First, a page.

Barbera Vagabond Warrior

Barbera Vagabond Warrior

We are upstairs in Bellota's main function room. It is only days into the New Year, temperatures have been soaring past 30 degrees and beyond on a typical Melbourne day, and we are about to have wild boar pasta and red wine.....

Sometimes I feel rather punch drunk at how criminally underrated Barbera is. Perpetually living in the shadow of Nebbiolo, Barbera is finally seeing a bit of the limelight, with its boisterous acidity and luminous perfume, coaxed to its finest expression - it can be phenomenal. To truly nurse this variety to greatness, it requires a very serious approach and some of the region’s most famous producers (Vietti spring to mind) are again touting it as a fine wine proposition. In my opinion, the best wines should be consumed young as, along with their juicy fruit and high acid, they have a magnificent earthy feel imparted from the rugged terroir of d'Alba and d'Asti.

Barbera is best left in the hands of a specialist and Marchesi Alfieri are certainly that. Juicy, compulsive and unmistakably varietally sound, they make one of the most underappreciated Berberas in the region (which only compounds further why they reflect its perfect expression! The 2006 was the first ever wine that I bought a whole 6-pack of, and now I sit at a table with Christian who is about to take us though a few of his wines including the new 2013, bottled under screwcap especially for the Australian market.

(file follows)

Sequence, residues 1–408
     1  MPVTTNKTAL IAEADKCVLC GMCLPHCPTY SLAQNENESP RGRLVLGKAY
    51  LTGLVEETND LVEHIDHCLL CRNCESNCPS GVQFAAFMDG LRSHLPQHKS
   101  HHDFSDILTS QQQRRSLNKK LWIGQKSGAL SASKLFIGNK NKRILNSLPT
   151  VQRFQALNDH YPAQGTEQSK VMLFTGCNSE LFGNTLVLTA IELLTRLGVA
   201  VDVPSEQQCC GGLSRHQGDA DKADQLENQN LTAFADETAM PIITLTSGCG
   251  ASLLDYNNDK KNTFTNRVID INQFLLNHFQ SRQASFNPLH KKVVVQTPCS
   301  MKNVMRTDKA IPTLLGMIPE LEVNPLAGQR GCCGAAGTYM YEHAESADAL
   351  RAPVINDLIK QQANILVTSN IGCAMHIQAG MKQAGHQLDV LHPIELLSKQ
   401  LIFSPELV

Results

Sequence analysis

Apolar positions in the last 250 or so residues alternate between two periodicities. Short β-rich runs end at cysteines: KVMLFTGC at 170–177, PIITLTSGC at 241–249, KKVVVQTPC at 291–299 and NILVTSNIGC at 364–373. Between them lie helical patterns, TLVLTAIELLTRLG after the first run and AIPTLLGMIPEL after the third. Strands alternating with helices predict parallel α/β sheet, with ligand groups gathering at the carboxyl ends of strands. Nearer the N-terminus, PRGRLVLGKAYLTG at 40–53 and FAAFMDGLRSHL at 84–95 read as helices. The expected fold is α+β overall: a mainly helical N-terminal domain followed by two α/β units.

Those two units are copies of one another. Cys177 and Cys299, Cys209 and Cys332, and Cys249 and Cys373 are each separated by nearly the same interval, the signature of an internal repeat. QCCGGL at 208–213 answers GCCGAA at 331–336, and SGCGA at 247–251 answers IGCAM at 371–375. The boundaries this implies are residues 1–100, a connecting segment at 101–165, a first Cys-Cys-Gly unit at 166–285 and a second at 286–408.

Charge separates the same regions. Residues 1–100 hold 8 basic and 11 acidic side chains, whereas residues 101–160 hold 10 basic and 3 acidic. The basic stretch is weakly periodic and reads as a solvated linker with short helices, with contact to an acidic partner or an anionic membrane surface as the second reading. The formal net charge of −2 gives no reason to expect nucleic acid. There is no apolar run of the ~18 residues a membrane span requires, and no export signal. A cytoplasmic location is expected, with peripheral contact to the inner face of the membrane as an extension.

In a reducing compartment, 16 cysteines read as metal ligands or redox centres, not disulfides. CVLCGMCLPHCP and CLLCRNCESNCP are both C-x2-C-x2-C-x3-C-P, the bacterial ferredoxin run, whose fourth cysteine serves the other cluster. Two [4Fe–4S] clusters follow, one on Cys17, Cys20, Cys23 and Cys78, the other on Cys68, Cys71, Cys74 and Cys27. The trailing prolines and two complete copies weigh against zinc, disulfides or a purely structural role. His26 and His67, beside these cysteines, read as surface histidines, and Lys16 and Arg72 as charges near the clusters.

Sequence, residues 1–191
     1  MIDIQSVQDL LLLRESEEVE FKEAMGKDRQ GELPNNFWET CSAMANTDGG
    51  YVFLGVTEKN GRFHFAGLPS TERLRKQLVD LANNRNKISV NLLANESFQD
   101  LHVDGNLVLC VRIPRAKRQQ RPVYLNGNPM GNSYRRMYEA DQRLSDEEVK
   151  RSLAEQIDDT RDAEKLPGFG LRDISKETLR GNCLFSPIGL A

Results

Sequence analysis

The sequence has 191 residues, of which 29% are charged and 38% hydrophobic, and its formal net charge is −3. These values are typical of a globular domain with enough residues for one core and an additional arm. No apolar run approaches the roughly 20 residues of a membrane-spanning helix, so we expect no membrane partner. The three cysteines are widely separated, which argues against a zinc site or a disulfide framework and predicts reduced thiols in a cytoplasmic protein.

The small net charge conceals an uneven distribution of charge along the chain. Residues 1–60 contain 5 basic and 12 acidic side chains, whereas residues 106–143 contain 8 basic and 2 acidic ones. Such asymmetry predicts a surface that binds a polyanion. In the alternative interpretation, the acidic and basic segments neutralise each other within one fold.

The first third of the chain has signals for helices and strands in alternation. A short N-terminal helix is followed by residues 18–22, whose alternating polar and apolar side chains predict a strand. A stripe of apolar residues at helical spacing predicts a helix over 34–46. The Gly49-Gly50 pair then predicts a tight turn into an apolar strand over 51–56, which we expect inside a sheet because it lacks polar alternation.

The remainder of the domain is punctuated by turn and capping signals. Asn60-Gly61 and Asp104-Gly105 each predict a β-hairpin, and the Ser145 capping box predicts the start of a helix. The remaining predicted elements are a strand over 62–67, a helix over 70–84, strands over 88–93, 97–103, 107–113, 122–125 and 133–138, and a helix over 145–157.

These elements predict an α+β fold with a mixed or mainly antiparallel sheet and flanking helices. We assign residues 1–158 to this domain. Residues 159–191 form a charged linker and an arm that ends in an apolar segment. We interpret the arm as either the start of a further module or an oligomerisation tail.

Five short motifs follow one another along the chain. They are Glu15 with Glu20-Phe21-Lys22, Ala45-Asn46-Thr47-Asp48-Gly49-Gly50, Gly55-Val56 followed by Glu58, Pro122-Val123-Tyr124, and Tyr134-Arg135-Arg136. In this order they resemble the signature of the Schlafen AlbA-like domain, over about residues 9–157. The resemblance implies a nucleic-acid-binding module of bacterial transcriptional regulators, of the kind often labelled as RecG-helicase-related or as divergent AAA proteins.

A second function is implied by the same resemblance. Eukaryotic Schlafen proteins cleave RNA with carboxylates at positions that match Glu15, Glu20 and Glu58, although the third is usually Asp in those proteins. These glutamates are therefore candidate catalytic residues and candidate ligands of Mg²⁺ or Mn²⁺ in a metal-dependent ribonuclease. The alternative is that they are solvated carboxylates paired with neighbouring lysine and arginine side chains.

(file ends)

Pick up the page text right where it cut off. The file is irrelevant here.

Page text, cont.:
We start, unusually with a 2006 pinot noir. To everybody’s surprise it is absolutely fabulous! (We then decide to import some of the current vintage which unfortunately turns out to be less so!). Moving on to the Barbera, we look at the 2012 under cork versus the 2013 under screwcap. My experience with this wine is that a year or so to settle brings the wine to its peak. The 2013 looks fresher, more vibrant and poised to be the best that they have ever produced. They make a serious cuvee called Alfieri which sees some wood aging. It has always been a profound expression of Barbera and we have a 2005 to taste but it is corked. A long an animated discussion ensues about cork v screwcap, but I mostly just drink my Barbera, ahhhhh La Tota!

When Barbera is this good it is peerless.

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